However, Pirate parties do not have, and have never had, a monopoly on digital-rights issues. Civil-society groups campaigned for privacy and against Internet censorship years before the Pirate movement emerged, and Internet-user rights are now increasingly being adopted by mainstream political parties. In Sweden, youth wings of all the political parties represented in the Swedish Parliament integrated stances on online piracy into their political agendas (Lindgren & Linde, 2012. Political parties in Germany have also incorporated Netzpolitik issues into their political programs (Richter, 2013). In particular, the Greens have feared losing their status as an alternative appealing to young voters (Moody, 2011). Largely in response to the Pirates, the Finnish Greens outlined a copyright policy in 2010 and an information-society policy program in 2011.

The Pirates' political manifestos reflect the shifting concerns and allegiances of the predominately young, well-educated, and active members of the Pirate parties. As such, they illustrate the thinking of a generation that has grown to take self-expression and freedom of communication for granted (Inglehart & Baker, 2000; Inglehart & Welzel, 2010; Richter, 2013; Welzel, 2013). The political agenda of European Pirate parties is much wider today than before, incorporating a broad cultural-modernization program that goes beyond the confines of narrow technical policies.

The question of whether the broadening of the Pirate agenda could reflect either the maturing of the parties and a will to take a more permanent place in the political system or an uncertainty about the way ahead remains unanswered. Placing increasing emphasis on culture and even attempting to formulate an alternative cultural policy, as the German Pirates have done, reflects this ambiguity. In a way, the endeavor to frame piracy, whistleblowing, hacking, and other Pirate practices as liberating culture from the clutches of corporations for the public good reflects a step toward a realist acknowledgement of the pitfalls of privileging individuals' digital rights over collective rights. In the current policy environment, issues labeled as "cultural" are still marginal questions. Despite their cosmopolitan nature, even Pirate cultures take different forms according to location, as some of the contributions in this special section demonstrate (Mendes Moreira de Sa; Kiriya & Sherstoboeva). This discounting of cultural policy highlights the difficulty of defending freedom of expression, privacy, and access against states' and corporations' attempts to tighten their grip on digital communication in the name of national (economic) interests and security. On the other hand, opportunities often lie in the margins. Pirate parties may well be able to make a difference in the formulation of cultural policies should they learn to communicate the claim to best represent the generation most concerned with the right to self-expression and self-determination. Success would entail a further shift in focus. Studies focusing on alternative interpretations of the impact of Pirate parties may provide more insights into the new political sensibility.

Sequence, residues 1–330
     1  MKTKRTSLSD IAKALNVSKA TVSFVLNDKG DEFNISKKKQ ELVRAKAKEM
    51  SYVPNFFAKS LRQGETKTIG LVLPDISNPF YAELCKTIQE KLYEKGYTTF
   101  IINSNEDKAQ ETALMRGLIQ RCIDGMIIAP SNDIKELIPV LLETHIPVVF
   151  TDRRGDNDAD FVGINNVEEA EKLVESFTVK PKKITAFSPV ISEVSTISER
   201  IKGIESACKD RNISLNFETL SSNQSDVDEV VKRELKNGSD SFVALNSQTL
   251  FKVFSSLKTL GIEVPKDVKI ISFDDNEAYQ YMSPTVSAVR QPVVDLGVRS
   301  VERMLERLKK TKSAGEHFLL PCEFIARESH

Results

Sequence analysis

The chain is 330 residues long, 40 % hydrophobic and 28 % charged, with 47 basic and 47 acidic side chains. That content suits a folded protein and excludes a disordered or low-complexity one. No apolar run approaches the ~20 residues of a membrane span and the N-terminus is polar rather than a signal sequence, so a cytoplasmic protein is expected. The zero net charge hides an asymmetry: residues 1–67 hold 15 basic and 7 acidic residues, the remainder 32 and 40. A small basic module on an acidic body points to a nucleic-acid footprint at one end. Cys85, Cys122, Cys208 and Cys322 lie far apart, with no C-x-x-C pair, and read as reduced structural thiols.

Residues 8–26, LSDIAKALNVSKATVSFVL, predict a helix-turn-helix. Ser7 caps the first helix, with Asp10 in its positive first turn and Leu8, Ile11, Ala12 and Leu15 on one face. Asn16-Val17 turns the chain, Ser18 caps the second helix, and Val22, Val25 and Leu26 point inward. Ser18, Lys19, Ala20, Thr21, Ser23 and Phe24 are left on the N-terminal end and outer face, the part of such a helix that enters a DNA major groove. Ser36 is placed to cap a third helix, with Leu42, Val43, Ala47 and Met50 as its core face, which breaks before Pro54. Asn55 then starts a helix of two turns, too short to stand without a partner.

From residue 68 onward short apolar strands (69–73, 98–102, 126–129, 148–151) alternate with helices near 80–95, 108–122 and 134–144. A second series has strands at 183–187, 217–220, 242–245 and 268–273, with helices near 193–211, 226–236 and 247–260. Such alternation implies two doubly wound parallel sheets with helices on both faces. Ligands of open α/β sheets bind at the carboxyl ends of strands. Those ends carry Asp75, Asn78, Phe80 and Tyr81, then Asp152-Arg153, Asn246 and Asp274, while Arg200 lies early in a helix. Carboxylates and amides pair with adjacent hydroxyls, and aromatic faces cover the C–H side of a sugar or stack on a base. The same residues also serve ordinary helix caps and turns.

JOHANNA JAASAARI (1)

JOCKUM HILDEN

University of Helsinki, Finland

Johanna Jaasaari: johanna.jaasaari@helsinki.fi

Jockum Hilden: Jockum.Hilden@helsinki.fi

Date submitted: 2015-02-06

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(1) This research was supported by a grant from the Helsingin Sanomat Foundation.

(2) The Pirate Party competed for seats on their own list in Croatia, the Czech Republic, Finland, France, Germany, Greece, Luxembourg, the Netherlands, Slovenia, Spain, Sweden, and the United Kingdom. In Austria and Poland, Pirates participated in coalition with other parties. In Estonia, the Pirates endorsed an independent candidate.